Herbal Home Remedies


Home Remedies For Motion Sickness

The story is told about the captain of the ship who announced, "There is no hope. We are all doomed. The ship is sinking and we'll all be dead within an hour." One voice was heard after that dire announcement. It was the seasick passenger who cried, "Thank heavens!"

If you have ever been seasick, you probably anticipated that punchline.

Symptoms

Symptoms of motion sickness are generally recognizable. A paleness of the skin may be followed by yawning, restlessness, and a cold sweat. As the symptoms progress, malaise and drowsiness set in, sometimes accompanied by an upset stomach. Excessive salivation, nausea and vomiting may follow. People with more resistance may experience a waxing and waning of symptoms and perhaps never actually vomit.

Natural home remedies

Most people think air, land and sea sickness start in the stomach. Wrong! Guess again. Constant jarring of the semicircular canals in the ears cause inner balance problems that produce those awful motion sickness symptoms.

What to do? Go suck a lemon! Really! That's one of the time-tested remedies.

Here are a few more that might help you get through that miserable feeling.

  • Pull out and pinch the skin in the middle of your inner wrist, about an inch from your palm. Keep pulling and pinching alternate wrists until you feel better.
  • A cup of peppermint or chamomile tea may calm the stomach and alleviate nausea.
  • Take ginger in capsule form half an hour to an hour before the trip.
  • Take vitamin B6 for three days prior to the trip.
  • Suck a piece of peeled ginger root.
  • Wear motion sickness bands on your wrists.

Make Things Spicy

  • Mix 1/8 teaspoon of cayenne pepper in a cup of warm water or a cup of soup and force yourself to finish it, even if you think it'll finish you. It won't. But it may stop the nausea.
  • At the first sign of motion sickness, take a metal comb or wire brush and run the teeth over the backs of your hands, particularly the area from the thumb to the first finger, including the web of skin in between both fingers. You may have relief in five to 10 minutes.
  • Briskly massage the fourth and fifth fingers of each hand, with particular emphasis on the vicinity of the pinkies knuckle. You may feel relief within 15 minutes.
  • During a bout of motion sickness, suck a lemon or drink some fresh-squeezed lemon juice to relieve the queasiness.
  • To avoid the misery of motion sickness, a doctor at Brigham Young University in Provo, Utah, recommends taking two or three capsules of powdered ginger a half-hour before the expected motion. Or stir ½ teaspoon of ginger powder into 8 ounces of warm water and drink it about 20 minutes before you travel.
  • Here's a we-don't-know-why-it-works-but­it-does remedy-tape an umeboshi (that's a Japanese pickled plum) directly on your navel, right before you board a bus, train, car, plane or ship, and it should prevent motion sickness. Umeboshi plums are available at health food stores and at Asian markets.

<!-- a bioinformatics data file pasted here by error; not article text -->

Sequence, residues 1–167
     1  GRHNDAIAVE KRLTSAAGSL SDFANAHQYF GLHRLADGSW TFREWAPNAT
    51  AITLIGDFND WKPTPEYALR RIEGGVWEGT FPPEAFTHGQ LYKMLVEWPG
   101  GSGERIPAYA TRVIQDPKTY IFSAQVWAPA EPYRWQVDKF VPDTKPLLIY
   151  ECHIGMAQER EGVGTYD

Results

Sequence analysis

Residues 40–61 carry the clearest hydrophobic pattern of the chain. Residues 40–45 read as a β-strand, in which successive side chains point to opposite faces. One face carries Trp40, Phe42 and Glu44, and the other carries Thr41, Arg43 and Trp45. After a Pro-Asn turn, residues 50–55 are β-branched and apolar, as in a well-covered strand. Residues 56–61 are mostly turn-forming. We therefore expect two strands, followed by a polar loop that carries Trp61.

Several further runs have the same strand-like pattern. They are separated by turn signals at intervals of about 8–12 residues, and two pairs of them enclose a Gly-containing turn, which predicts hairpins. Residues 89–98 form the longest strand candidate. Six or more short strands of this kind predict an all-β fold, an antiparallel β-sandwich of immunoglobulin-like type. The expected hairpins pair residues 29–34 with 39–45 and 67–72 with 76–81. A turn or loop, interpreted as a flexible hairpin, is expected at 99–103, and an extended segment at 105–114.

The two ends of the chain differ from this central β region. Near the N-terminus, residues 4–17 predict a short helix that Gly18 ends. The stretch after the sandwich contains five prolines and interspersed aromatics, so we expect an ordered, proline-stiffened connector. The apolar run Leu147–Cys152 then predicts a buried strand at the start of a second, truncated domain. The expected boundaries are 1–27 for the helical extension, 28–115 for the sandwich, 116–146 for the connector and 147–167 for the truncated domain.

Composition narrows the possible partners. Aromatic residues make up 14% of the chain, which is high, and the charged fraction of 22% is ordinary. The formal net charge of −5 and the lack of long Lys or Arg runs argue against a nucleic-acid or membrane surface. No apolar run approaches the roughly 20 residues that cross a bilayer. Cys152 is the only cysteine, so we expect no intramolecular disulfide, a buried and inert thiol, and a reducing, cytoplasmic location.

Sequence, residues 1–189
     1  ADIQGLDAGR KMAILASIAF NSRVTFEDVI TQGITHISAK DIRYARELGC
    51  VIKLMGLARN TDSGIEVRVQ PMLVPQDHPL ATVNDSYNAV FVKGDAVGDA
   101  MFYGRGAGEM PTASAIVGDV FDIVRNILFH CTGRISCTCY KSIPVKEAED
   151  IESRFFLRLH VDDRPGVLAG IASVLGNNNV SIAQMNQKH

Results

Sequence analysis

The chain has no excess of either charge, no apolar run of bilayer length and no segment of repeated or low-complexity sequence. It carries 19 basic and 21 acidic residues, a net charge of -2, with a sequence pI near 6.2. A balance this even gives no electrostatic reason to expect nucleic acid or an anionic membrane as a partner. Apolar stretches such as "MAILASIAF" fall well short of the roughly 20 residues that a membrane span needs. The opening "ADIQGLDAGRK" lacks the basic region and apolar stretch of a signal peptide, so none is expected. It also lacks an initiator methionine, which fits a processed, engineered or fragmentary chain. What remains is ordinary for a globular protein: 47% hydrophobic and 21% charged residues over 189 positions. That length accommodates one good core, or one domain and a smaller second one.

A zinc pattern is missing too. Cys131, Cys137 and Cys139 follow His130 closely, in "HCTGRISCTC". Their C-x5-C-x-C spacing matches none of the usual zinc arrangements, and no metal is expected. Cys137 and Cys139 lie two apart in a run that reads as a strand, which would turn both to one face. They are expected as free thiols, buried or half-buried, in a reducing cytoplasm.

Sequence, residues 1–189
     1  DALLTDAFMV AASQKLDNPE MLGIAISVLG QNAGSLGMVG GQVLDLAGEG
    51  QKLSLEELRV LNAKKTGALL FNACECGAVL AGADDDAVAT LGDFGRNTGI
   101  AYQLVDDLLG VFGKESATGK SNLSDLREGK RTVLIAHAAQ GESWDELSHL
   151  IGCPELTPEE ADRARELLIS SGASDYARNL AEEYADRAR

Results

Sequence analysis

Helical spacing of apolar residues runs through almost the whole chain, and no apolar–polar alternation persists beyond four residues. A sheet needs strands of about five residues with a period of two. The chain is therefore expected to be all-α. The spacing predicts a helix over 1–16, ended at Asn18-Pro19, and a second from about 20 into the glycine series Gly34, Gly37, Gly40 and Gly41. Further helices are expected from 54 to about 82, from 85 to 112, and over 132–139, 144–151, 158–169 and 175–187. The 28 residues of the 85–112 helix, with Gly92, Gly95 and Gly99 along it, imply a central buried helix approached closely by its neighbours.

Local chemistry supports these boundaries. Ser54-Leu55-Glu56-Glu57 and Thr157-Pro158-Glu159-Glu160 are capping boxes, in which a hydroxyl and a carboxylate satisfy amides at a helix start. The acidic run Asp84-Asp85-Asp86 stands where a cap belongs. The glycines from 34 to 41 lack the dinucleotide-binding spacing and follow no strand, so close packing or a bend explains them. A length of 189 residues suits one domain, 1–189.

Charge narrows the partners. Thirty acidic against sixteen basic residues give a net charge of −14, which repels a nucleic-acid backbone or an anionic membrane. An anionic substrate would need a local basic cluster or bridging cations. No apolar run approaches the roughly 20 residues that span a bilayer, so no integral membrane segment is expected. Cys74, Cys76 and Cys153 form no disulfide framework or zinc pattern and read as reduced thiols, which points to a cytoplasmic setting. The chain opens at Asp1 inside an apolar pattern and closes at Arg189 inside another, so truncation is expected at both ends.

Incidentally, the plums are very rich in calcium and iron. Of course, to reap those benefits, one must eat them, rather than tape them to one's tummy.

Far-out Idea
  • On any form of transportation, sit near a window so you can look out. Focus on things that are far away, not on nearby objects that move past you quickly.
  • On a plane, to assure yourself of the smoothest flight possible, select a seat that's over the wheels, not in the tail. There's a lot more movement in the tail end of a plane.
  • A Mexican method of preventing motion sickness is to keep a copper penny in the navel. It is supposed to work especially well on crowded bus rides over bumpy roads.
  • For at least half a day before leaving on a trip, have only liquid foods that are practically sugar-free and salt-free.
  • This remedy came to us from Hawaii, Afghanistan and Switzerland. Take a big brown paper bag and cut off and discard the bag's bottom. Then slit the bag from top to bottom so that it's no longer round, but instead a long piece of paper. Wrap the paper around your bare chest and secure it in place. Put your regular clothes on top of it and travel that way. It's supposed to prevent motion sickness.

Preventing motion sickness is easier than treating it once it has begun. A number of precautions can provide some help.

  • Place yourself where motion is least. In a car, sit in the front seat, looking ahead. In an airplane, choose a seat over the wing. On a ship, remain at the middle of the ship (preferably on deck). In a bus, take a seat just behind the front door.
  • Keep your head still and focus on the distant horizon. Close your eyes to avoid looking at fast-moving scenery or waves. Attention should be focused away from the motion of the vehicle. Reading is not recommended.
  • Avoid overindulgence in food or alcohol for at least 24 hours prior to travel.
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